But of course, with such a unique play like this one, there will be several struggles.

“With ‘Everybody,’ you kind of just do what you think feels good, and then you never know if it’s going to turn out how you think it’s going to be,” Halminiak notes.

Halminiak also states that challenges could be presented by such a unique set, because in the play  a location is not entirely defined, so there isn’t an idea to exactly go off of, and of course there is the aspect of  the actors not knowing who they are playing, which can also emit a struggle with the set,

“They might not hit the exact same spot they’re supposed to hit each night, so you have to be ready for those kinds of things.” Halminiak says.

“Everybody” is “quite the immersive play,” according to Halminiak, and the audience should be ready to be part of the show as much as the actors. With the location of this play not entirely defined, the technical direction aspects are going to be very interesting and fun.

Cutter, cast as a Somebody, has had to learn much of the script due to his changing roles each night, but he is looking forward to the rehearsal and performance process.

“One thing that I want to personally gain from this experience is being able to switch roles consistently, being able to play multiple roles in a certain night and being able to create distinct choices,” Cutter declares.

Making distinct choices is important when it comes to characters and casting. Junior Gracie Puricelli describes her experience with being cast as Death.

“I took a nicer approach to Death, and [Rhoze] loved it so much that he wanted me to take my octave of how I was speaking up, so I sounded even more innocent and childlike,” describes Puricelli.

Cutter and Puricelli hope for the audience to walk out with a new perspective on life and death.

“The least we can do is make sure that whatever we do on Earth is what we truly wanted to do and be known for,” states Puricelli, as she describes the message she wants the audience to take away from the play.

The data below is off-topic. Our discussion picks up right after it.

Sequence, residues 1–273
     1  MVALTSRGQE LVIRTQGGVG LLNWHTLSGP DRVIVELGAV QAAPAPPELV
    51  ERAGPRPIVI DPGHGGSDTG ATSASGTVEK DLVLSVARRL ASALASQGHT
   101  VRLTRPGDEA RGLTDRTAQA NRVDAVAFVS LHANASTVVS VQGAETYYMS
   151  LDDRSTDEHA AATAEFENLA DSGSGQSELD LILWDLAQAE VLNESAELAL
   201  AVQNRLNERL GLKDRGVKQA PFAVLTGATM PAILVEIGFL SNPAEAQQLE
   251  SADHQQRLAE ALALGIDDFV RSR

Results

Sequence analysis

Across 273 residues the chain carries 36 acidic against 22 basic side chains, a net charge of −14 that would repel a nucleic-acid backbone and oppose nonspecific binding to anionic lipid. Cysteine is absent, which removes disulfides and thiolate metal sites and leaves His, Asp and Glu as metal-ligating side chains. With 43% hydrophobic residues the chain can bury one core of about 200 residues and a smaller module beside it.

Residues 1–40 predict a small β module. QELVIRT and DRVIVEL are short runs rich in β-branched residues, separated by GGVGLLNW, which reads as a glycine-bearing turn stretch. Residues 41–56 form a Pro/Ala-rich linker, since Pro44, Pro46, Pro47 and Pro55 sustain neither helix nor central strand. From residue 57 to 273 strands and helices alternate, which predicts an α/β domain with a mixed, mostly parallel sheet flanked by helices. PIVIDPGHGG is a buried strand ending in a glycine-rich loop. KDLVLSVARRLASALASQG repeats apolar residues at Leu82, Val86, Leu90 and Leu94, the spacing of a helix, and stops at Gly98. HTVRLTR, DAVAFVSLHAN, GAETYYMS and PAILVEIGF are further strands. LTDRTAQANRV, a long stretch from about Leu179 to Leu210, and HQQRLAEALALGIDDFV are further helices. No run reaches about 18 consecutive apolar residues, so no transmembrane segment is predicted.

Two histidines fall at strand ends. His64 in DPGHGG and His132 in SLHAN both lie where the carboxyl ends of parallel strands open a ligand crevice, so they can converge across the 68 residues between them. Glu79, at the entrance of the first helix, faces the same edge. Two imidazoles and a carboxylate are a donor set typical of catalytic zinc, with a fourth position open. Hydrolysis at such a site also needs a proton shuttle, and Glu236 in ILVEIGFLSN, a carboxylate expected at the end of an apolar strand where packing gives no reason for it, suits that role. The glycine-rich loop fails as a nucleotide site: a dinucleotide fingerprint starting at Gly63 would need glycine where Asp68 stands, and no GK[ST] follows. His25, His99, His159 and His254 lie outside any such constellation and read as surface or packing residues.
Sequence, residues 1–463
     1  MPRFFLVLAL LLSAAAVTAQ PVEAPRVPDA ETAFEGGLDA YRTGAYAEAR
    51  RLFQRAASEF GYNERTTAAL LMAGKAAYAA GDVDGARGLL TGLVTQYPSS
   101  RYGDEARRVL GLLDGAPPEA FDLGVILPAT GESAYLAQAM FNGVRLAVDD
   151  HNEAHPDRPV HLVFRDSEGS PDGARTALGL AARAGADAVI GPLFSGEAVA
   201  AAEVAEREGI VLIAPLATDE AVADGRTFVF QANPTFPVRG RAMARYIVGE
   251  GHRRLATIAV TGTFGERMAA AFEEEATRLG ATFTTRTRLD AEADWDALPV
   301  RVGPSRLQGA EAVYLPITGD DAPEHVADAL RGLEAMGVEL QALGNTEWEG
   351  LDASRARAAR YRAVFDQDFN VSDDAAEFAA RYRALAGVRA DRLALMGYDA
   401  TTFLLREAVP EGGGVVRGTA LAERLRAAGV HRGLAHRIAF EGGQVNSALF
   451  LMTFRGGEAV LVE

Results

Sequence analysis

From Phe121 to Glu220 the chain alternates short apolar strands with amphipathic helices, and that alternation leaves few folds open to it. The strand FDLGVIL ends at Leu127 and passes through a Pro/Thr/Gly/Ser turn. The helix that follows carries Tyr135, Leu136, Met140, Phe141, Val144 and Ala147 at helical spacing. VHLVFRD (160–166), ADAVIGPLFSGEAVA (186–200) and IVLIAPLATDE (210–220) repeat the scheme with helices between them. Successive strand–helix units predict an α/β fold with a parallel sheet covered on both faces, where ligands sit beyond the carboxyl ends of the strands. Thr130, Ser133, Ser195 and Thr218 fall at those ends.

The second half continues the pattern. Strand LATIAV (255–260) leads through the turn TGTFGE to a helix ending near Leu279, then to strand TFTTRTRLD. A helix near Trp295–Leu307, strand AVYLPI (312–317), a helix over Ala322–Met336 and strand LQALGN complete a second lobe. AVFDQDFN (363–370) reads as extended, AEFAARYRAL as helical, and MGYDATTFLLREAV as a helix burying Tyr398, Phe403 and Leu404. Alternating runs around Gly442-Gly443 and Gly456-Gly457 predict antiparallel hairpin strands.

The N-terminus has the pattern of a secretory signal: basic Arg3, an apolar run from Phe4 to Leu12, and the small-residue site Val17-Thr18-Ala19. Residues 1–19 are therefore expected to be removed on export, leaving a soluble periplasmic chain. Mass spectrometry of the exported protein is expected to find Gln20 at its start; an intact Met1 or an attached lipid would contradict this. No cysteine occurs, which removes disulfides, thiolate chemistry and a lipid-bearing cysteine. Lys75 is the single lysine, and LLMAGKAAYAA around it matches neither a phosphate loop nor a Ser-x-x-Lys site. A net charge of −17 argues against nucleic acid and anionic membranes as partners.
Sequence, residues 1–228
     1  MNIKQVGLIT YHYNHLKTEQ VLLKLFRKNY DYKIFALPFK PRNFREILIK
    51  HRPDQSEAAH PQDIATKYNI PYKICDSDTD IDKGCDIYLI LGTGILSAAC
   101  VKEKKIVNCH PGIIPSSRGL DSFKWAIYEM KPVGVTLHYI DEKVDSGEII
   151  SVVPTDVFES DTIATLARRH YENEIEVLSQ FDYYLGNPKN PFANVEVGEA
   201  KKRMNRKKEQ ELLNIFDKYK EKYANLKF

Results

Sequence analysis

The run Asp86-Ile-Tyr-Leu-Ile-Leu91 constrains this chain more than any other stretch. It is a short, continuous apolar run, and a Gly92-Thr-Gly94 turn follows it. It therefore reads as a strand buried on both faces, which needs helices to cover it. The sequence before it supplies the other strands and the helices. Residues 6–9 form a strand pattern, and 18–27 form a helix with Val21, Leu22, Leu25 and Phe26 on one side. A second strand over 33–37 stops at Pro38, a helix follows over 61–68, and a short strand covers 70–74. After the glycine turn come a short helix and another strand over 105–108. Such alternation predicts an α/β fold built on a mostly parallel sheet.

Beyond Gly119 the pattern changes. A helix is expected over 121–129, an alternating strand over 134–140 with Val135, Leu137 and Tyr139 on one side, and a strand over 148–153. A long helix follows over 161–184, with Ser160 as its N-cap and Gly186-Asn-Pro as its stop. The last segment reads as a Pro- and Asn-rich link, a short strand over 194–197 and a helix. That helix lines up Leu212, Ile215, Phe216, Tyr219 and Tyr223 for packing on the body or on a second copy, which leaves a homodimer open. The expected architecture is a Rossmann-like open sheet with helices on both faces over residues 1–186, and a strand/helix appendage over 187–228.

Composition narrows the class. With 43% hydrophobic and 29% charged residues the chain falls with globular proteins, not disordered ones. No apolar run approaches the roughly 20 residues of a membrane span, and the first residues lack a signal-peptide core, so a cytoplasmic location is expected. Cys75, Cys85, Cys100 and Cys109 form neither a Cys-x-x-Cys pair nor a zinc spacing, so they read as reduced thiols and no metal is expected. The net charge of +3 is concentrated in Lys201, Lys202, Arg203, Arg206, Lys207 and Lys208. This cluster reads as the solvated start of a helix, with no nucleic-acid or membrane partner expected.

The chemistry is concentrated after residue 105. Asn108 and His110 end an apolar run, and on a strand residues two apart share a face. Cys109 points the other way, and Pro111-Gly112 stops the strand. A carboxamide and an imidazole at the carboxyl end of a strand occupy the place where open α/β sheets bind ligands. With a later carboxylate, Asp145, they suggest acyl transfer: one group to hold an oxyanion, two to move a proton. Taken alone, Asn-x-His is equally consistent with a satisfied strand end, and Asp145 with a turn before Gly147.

Each performance will be new every night, with a unique experience every time. “You don’t really know what you’re going to get each night,” says Halminiak.

ETHS has not put on a play that falls into the category of absurdism for a while, and both Rhoze and Halminak agree that audiences should come prepared for a unique and interesting few hours.

If you are looking for a play that opens your eyes to new ideas and realities and really makes you think, then “Everybody” is the play for you!

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About the Contributors
Xander Mroczek, Staff Writer
Riley Romisher, Staff Writer
Hi everyone! My name is Riley Romisher, and I am a staff writer for The Evanstonian. As a senior, and a second year member on staff, I am super excited to continue pursuing my passion for journalism and spreading my ideas and thoughts to the broader community. Outside of The Evanstonian, I am a captain of the ETHS girls swim and dive team as well as a member of the ETHS water polo team. I am also a board member for Students Organized Against Racism (SOAR) and an Emerge outreach member. In my free time, I love spending time with family and friends, as well as baking any chocolate desserts! 
Kupu Sumi, Artist